The Duncan Banner


June 1, 2014

Hooten hopes to hit right notes

DUNCAN — You might want to pay special attention to the June 24 Oklahoma primary for the open Senate seat in District 40 of the Oklahoma state legislature.

  You probably aren’t a qualified voter in that race, but there is a distinct Duncan flavor to the competitive battle.

  David B. Hooten, who has played his magnificent trumpet for Pope John Paul II at the Vatican, for Queen Elizabeth’s 60th birthday, at the memorial service for victims of the Murrah Building bombing, for Presidents Reagan and Bush in the White House, for symphonies and philharmonics throughout the world and for national anthems at the Olympics, in old Yankee Stadium, for the Sooners, the Dallas Cowboys and the Thunder wants to, these days, make a different kind of music.

  He is one of six Republican candidates for the District 40 seat being vacated by state Sen. Cliff Branan, term-limited after 12 years in office and now a “new” candidate himself for the empty Corporate Commission seat.

  It is the most crowded race on this year’s statewide election ballot, full of men all with records of previous leadership successes and a similar interest in representing what is likely the state’s most affluent district with notable addresses like Nichols Hills, Bethany, Warr Acres, The Village and northwest Oklahoma City.

  Hooten, his wife Whitney – who said yes to his marriage proposal in the China Room of the White House – and their three children have been Nichols Hills residents for years.

  Though it is his first political race, he is confident he can make a positive difference, giving back to the state that has meant much to him. He thinks he will be a leader who can attract followers.

  He was born to Air Force parents in Frascati, Italy but grew up mostly in Duncan where his dad worked at The Banner and his mom operated Mama Lucia’s popular Italian restaurant.

  He earned a Bachelor of Arts degree from North Texas State University, then added a masters in trumpet performance from the University of Oklahoma.

  But the start of what has become an incredible career began in Duncan with lessons from the devoted but demanding Merle Brandon, who never took a dime for the instruction.

  Hooten later studied under the legendary Don “Jake” Jacoby and cut his first album in 1989. Twenty more albums have followed and his hit single, Amazing Grace, performed here in a recent concert and again at a Duncan Chamber of Commerce function, continues to evoke chill bumps at every performance.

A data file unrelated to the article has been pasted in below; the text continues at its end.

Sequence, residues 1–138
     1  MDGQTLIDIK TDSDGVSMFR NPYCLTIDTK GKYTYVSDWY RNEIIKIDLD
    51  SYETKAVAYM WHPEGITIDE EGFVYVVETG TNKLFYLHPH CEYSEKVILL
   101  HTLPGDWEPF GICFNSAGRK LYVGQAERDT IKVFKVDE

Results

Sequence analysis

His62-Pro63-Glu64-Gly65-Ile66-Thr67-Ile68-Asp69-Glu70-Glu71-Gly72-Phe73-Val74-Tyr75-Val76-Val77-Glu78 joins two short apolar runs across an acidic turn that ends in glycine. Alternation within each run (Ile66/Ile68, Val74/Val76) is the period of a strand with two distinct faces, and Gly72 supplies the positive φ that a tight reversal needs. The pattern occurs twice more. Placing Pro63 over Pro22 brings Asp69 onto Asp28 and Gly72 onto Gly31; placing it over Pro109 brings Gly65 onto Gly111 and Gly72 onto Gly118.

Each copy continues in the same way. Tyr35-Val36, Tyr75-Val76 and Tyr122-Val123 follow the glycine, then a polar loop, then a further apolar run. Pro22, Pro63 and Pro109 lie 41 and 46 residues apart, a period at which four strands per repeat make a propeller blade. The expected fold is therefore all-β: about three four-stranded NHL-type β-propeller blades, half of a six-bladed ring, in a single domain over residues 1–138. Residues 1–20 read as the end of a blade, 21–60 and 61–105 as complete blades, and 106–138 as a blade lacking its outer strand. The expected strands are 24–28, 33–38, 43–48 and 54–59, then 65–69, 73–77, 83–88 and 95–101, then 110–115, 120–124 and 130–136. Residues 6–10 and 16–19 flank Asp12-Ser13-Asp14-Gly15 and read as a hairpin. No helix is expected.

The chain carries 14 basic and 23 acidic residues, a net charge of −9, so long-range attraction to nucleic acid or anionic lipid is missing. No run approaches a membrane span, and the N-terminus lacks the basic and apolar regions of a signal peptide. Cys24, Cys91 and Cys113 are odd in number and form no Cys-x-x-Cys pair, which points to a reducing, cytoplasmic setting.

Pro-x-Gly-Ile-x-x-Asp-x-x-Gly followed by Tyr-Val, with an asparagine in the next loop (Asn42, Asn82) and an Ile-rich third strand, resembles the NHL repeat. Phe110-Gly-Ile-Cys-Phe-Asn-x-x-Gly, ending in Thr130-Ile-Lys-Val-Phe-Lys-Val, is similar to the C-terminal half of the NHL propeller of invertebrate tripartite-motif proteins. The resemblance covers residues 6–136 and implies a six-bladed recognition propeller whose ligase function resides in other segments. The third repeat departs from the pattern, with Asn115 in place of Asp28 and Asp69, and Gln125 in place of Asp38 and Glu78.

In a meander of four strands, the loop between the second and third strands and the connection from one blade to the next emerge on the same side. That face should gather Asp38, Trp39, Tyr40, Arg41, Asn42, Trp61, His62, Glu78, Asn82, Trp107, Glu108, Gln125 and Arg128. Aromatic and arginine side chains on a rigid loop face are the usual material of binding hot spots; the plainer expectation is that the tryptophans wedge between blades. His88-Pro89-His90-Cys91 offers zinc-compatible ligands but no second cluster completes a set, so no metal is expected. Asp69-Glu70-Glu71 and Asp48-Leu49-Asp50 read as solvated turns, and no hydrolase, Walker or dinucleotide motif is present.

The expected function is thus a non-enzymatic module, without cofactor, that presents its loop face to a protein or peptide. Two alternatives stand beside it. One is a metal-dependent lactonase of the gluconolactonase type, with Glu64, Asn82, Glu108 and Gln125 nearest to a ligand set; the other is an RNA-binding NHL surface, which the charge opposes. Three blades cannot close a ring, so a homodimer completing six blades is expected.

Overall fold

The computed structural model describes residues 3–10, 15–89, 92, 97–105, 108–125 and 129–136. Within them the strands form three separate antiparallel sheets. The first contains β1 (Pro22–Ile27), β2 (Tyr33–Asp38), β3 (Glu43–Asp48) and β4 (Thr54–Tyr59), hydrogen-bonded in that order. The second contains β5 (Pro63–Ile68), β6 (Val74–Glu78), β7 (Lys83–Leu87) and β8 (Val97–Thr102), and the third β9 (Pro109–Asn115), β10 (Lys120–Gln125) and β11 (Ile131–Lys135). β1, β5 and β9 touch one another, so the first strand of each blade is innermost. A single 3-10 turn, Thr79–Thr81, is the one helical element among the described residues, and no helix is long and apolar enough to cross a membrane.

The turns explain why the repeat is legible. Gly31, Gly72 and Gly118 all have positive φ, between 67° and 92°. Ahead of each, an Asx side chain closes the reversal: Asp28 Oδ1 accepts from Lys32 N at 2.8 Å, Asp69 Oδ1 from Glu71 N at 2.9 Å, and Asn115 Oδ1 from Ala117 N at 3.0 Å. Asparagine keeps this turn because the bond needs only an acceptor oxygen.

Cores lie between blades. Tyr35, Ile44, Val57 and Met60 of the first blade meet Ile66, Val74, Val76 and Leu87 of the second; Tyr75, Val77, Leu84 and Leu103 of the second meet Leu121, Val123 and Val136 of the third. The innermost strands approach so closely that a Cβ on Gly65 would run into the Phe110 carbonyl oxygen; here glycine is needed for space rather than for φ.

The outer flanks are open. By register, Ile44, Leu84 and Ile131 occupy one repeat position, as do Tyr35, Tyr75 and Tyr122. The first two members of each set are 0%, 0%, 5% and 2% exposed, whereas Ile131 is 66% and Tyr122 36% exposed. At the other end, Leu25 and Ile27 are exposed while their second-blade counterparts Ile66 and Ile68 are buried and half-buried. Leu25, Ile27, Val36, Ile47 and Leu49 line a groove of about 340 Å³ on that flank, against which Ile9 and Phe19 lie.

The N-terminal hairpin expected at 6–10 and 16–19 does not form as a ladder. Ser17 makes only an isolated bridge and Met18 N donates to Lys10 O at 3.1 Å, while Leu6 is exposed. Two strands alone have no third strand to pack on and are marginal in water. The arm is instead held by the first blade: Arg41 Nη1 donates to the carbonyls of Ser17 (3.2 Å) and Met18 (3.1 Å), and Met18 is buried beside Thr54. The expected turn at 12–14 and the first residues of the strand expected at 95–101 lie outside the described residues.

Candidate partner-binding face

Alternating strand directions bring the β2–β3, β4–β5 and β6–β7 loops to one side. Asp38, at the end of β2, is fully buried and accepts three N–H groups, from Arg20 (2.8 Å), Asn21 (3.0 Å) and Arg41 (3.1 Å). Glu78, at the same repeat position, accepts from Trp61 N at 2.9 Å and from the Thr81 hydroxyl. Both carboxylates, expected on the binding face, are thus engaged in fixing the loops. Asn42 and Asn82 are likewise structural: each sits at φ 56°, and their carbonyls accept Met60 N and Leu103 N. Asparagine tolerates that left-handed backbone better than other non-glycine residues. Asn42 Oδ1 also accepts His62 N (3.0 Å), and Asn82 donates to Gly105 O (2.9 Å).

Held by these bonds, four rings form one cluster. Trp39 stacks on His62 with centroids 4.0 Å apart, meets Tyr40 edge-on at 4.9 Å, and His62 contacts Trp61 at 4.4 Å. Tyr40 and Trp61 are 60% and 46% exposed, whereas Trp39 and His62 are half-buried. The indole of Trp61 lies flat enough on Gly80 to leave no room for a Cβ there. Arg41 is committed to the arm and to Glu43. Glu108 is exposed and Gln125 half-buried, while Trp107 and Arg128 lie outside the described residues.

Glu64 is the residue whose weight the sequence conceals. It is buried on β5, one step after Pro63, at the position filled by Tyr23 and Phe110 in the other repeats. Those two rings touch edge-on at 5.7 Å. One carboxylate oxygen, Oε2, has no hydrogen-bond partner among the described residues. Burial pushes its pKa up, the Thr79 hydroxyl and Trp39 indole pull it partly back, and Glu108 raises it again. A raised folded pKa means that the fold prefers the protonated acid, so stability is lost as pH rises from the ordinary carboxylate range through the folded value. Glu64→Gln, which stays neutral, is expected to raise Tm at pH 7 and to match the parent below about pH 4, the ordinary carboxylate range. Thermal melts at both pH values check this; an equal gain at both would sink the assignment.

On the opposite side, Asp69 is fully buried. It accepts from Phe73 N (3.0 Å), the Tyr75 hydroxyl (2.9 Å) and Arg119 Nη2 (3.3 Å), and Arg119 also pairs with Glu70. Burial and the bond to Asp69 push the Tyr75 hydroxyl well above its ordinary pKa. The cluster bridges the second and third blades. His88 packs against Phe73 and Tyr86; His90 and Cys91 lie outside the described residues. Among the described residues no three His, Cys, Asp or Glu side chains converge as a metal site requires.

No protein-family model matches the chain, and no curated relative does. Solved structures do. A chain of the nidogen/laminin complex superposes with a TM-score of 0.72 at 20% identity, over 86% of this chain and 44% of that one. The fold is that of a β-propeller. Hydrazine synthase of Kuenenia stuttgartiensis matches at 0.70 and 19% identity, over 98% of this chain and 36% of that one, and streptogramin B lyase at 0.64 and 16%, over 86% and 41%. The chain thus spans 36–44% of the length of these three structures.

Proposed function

He believes a lifetime of experiences, exposure through world travel to different methods of significant accomplishments, his small business background of running his family’s restaurant for 15 years, marketing David’s Meat Sauce nationwide, teaching music and his executive director’s role for the non-profit CARE Center -- Child Abuse Response and Evaluation Inc. – provide him the sensitivity necessary for dealing with Oklahoma issues.

  “Oklahoma,” he told Duncan friends recently, “isn’t broken, but it lacks leadership and statesmanship. “

  He wants leaders to “do the right thing for the right reasons” and believes the state can become a model that can literally change American values and the now troubled direction of the United States.

  It is the focus of his campaign message.

  Get the basics right, he said, then get out of the way.  Get the right return for taxpayers and stop wasting money. Get on the right side of business. Help, don’t hurt. And protect our Oklahoma values; they’re right for our families and our community.

  Hooten believes many agree. That’s why, with three hard weeks of campaigning left, he remains optimistic.

  Winning outright in a six-person primary is a longshot.

  Opponents Joe Howell, a veterinarian; the Rev. Steve Kern, husband of Oklahoma legislator Sally Kern;  Michael Taylor, a county government worker;  Brian Winslow, a Real Estate broker and property manager; and Ervin Yen, an anesthesiologist, all have support.

  So making the August 26 runoff is his immediate goal.

  And a win there would send him into the Nov. 4 general election as a seasoned campaigner, the Republican nominee and the favorite against Democrat John Hardy Edwards, who has had no opposition.

  He thinks it’s possible.

  He thinks a good guy can win and make a difference.

  And though Duncan friends can’t vote, many are backing a hometown boy with the hope he’ll make good, again.

                                                                                                                                                                                                                                                                                  (580) 255-5354, Ext. 130


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